Some of my main goals were based around the inquiry questions I had throughout my Professional Experience. ‘How can parents take more of a leadership role in their children’s learning and development? (working along side the staff),’ ‘How is the OEYC supporting the needs of the families? How does the OEYC contribute to the positive growth and development of all families?’ This gave me a chance to witness parents initiating and conducting some of the activities like Little Chefs, Gathering Time, Dad and Me Activities, cleaning up after themselves, and taking it upon themselves to make other families feel welcome within the program. I began documenting the conversations I was having with the families at the centre, grasping a better understanding of how the OEYC has affected them and their children.
Putting together a Journal of Journeys of the conversations I had with the parents was a way to help support the documentation of the positive outcomes they’ve had at the OEYC and how their children have grown and developed since attending the program. After talking to some of the families and looking at the observations I had made so far, I critically thought of some questions for myself to focus on while speaking to the families which are, ‘How can leadership roles be strengthened at the OEYC?’ ‘How can more positive interactions be formed between staff and families?’ ‘What personal and professional development could staff take part in to support the families becoming leaders?’ and ‘What methods can be used to interact with the families to help support strong, meaningful and positive leadership roles?’
I also left a Community Comment Book for the parents to write down any questions or concerns or ideas for programs and activities they would like to see being implemented at the centre. In order to complete my goals appropriately, I had to consult the College of Early Childhood Educators Standards and Code of Ethics which helped guide me to do ethical research on the centre and the community. In the text of Standard 1: Caring and Nurturing Relationships that Support Learning in the Code of Ethics and Standards document, it states that, “E. Early Childhood Educators establish professional and caring relationships with children and families. They engage both children and their families by being sensitive and respectful of diversity, equity and inclusion. Early Childhood Educators are receptive listeners and offer encouragement and support by responding appropriately to the ideas, concerns and needs of children and families” (Standards of Practice, p. 13).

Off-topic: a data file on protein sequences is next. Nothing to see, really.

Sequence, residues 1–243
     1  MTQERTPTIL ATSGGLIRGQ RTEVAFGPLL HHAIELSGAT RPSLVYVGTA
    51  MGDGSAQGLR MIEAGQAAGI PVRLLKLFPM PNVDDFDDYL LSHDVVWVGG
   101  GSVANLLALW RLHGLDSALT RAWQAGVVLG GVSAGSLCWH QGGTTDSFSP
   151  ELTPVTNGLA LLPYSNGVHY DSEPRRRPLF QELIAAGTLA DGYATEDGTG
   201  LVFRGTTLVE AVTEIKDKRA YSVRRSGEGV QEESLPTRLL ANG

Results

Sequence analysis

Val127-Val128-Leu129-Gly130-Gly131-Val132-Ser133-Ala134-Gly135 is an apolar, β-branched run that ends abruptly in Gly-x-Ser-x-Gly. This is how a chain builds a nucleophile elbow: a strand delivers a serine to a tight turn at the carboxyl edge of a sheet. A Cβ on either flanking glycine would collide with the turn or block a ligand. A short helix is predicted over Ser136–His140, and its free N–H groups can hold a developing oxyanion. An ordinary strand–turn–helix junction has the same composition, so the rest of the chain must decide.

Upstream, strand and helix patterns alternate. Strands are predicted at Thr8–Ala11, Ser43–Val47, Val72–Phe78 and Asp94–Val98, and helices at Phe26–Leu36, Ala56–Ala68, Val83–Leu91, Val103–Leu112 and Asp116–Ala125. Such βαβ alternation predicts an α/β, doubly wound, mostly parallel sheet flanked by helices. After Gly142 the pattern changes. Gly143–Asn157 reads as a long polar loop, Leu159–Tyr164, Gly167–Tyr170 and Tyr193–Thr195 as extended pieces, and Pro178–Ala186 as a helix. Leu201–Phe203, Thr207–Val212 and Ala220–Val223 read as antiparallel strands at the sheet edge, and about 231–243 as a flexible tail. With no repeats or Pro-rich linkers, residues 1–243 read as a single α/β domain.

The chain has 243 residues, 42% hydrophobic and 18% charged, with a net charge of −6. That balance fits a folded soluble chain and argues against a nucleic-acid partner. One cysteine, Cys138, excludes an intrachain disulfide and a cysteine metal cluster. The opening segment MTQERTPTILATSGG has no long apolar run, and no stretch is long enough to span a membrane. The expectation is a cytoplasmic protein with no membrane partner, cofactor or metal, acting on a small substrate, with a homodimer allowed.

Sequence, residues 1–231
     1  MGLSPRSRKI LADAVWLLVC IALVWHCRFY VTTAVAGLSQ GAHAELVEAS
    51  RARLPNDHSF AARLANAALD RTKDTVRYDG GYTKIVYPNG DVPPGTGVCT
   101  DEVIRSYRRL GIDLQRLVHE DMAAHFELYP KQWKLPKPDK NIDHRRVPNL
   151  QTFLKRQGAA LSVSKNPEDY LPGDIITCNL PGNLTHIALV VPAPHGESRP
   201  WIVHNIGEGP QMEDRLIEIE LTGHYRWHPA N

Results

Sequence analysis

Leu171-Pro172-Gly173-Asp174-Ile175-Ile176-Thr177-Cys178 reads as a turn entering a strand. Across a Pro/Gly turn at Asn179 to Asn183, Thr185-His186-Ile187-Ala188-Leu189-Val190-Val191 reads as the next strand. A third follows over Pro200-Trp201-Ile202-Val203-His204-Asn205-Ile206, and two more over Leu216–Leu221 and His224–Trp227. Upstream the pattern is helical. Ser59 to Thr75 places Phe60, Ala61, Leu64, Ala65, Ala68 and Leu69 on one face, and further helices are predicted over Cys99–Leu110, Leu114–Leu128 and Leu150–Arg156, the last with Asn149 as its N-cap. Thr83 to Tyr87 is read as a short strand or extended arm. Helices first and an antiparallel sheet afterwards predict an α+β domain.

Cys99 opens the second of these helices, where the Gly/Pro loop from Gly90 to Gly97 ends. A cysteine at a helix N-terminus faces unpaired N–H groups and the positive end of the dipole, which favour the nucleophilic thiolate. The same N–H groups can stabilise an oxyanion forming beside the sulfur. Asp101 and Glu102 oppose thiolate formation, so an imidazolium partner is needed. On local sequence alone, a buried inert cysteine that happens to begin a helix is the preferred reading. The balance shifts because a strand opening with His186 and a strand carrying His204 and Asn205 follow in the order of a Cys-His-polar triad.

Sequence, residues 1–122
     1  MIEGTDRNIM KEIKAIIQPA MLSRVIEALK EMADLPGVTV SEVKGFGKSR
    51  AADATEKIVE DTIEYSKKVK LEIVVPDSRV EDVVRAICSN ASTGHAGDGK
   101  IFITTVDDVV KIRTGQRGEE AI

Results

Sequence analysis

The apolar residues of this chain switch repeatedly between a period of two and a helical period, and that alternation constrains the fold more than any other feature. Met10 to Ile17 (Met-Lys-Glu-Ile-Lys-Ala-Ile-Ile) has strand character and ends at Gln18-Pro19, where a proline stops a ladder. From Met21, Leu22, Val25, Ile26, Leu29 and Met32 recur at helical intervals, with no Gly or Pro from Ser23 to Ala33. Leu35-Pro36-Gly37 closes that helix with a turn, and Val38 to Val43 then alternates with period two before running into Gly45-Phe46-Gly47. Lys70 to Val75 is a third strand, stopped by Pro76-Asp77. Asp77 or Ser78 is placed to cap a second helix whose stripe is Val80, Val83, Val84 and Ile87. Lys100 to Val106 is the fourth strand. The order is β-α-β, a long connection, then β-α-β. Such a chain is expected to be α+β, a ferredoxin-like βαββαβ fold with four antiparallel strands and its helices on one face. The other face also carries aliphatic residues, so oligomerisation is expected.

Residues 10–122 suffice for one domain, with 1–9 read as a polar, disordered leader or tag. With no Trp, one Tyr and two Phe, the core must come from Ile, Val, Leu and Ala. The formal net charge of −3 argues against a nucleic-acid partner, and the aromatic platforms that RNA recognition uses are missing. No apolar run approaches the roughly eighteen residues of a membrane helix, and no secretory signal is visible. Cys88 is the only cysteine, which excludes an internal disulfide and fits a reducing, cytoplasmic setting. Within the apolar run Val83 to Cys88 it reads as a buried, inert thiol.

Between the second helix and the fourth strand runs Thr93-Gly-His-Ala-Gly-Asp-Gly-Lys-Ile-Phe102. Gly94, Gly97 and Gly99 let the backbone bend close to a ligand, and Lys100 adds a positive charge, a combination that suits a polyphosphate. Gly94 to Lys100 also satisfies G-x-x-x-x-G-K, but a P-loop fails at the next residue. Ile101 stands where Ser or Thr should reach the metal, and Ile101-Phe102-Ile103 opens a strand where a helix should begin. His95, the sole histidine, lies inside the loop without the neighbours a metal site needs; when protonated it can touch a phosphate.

A personal goal for myself was to learn more about what is happening in regards to the Best Start and Early Years programs. There are many changes happening within the next couple of years based on the curriculum and as an early childhood educator myself, I wanted to do more research to keep myself and other colleagues updated on these changes. Eventually all of our programs will change too. I also looked at Urie Bronfenbrenner’s Ecological Model of Human Development. He explains that there are five organized subsystems that help support and guide human development. This link will provide you with the opportunity to read more on the systems Bronfenbrenner speaks about. http://www.psy.cmu.edu/~siegler/35bronfebrenner94.pdf
Quality in early childhood is critical to the well being of children. Everyone is a leader and has leadership potential. Through ongoing learning, engagement, networking, mentoring and collaboration, the leadership skills of every early childhood educator and parent can be strengthened. The purpose of a family is to support the growth and development of its members, which gives them a sense of leadership.